Following this period, the cosmos once more expands, and the other realms of rebirth begin reappearing. An empty “Brahmā Palace” (brahmavimana) manifests. Some Ābhassara being eventually dies, and is reborn in that Brahmā palace. Being the first such being to be reborn below the Ābhassara realm, it exists all alone, and eventually the thought occurs to it: “I wish there were others here with me.”
Completely unrelated to this thought, other Ābhassara beings start dying and being reborn in the company of that first Brahmā. As a result of kamma, the first being enjoys a higher state of birth - it is longer-lived, more beautiful, and more powerful. Being completely ignorant of the cosmic and kammic processes at play, it reaches the conclusion that it must be the Mahābrahmā - the Great Brahmā, the Creator, the highest divinity. “These beings appeared in my presence when I willed them to exist! Surely I am their Maker.” The other beings reach this same conclusion - after all, that great being was there before them, and its power surpasses anything they can imagine.
Buddhism also has its own version of an apocalypse (AN 7.66). It begins with the onset of a long drought, said to last for hundreds of thousands of years; this causes plants to die off, leading to a loss of forests, foods, and medicines. A second sun eventually appears in the sky, drying up small rivers and lakes. Great rivers, too, disappear with the appearance of a third sun. A fourth sun takes away the great lakes. The ocean begins to dry up with the appearance of a fifth sun, leaving little pools of seawater which only reach one’s ankles. A sixth sun appears, causing earth and Mount Sineru both to smoke and smolder. With the seventh and final sun, the smoldering erupts into a terrible fire. Earth and Mount Sineru both are destroyed without a trace, and wind blows the flames as high as the Brahmaloka.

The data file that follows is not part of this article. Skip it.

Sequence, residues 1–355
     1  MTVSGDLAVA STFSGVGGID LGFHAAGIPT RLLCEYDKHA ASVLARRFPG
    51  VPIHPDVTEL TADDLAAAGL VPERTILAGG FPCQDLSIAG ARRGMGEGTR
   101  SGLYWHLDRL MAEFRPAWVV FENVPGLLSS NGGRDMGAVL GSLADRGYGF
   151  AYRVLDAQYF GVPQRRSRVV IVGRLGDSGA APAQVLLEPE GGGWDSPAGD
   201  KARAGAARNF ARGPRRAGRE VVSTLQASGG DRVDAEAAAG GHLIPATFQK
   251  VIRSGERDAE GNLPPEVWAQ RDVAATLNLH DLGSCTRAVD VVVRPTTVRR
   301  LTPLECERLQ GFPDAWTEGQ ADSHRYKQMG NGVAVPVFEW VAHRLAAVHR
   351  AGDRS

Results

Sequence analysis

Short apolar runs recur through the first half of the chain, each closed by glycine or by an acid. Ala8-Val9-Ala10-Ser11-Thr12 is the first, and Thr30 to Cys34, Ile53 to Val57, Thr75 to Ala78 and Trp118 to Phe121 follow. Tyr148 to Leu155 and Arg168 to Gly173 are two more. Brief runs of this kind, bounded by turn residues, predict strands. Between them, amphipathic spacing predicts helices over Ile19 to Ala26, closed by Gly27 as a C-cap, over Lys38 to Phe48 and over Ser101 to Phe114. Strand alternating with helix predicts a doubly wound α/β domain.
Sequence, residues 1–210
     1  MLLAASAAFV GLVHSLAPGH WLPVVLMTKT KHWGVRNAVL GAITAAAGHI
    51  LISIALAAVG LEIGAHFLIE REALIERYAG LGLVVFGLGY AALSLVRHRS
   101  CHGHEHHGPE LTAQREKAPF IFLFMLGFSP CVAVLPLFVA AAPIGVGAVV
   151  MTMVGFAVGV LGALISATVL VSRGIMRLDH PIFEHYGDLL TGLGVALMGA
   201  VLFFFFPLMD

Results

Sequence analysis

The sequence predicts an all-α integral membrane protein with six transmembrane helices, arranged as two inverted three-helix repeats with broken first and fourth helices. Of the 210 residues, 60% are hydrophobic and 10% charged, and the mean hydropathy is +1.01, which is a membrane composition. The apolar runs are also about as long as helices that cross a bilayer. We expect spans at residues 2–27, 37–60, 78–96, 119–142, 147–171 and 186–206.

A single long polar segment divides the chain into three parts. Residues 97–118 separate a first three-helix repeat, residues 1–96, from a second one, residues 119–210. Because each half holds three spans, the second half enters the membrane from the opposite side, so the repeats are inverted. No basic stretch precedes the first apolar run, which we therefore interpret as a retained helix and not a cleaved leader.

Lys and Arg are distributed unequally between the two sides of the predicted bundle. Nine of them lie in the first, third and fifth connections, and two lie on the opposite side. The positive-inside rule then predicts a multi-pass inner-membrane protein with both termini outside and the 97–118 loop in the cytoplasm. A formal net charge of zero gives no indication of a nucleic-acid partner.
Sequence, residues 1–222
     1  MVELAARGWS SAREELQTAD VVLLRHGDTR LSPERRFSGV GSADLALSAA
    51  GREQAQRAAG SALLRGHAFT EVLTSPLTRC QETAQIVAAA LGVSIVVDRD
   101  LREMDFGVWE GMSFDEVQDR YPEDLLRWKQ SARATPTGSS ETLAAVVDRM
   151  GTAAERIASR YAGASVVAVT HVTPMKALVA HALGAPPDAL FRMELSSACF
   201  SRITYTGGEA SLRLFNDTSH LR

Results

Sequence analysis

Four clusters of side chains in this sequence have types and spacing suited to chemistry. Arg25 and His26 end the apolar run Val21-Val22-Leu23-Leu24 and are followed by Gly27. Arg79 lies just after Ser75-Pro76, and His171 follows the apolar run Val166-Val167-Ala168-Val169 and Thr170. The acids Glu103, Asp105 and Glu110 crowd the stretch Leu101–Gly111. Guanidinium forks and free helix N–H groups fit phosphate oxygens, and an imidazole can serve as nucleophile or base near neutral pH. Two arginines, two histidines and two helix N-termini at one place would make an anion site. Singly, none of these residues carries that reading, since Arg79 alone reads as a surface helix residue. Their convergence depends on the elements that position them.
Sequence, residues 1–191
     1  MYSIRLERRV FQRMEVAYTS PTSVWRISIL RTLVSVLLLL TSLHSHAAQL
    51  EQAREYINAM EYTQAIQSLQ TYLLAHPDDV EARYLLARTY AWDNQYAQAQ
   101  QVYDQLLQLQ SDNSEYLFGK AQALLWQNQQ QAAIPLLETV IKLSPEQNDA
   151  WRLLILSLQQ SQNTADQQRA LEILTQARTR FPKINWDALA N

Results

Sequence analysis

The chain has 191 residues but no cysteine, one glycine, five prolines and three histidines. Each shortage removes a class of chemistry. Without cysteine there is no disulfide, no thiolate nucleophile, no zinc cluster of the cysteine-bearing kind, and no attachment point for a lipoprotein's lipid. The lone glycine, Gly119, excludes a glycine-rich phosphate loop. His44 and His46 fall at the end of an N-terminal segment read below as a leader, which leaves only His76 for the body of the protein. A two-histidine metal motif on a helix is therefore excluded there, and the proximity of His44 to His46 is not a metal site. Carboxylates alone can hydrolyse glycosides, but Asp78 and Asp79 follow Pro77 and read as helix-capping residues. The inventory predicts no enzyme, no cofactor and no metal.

In both instances, it’s worth pointing out that the Buddha used these ideas to convey important messages. The first story is clearly a means of ridiculing the worship of the Brahminical god, Mahābrahmā, as the creator. The second story was used to emphasize the importance of understanding impermanence. However, I think it’s unwise to reduce these aspects of Buddhist cosmology to mere metaphors used as teaching aides. The details we see in them are never at odds with the rest of Buddhist doctrine, and cross-referencing these passages with others found throughout the canon reveals a level of consistency which suggests that these stories are not strictly symbolic.
Here, it is necessary to remind ourselves of the second point - time is cyclical. These Buddhist versions of the “genesis” and “apocalypse” are situated in the framework of the kappa, often translated as “aeon.” I like to call this a “cosmic cycle.” The suttas present four stages to a cosmic cycle (AN 4.156):
1) the period where the cosmos contracts
2) the period where the cosmos remains contracted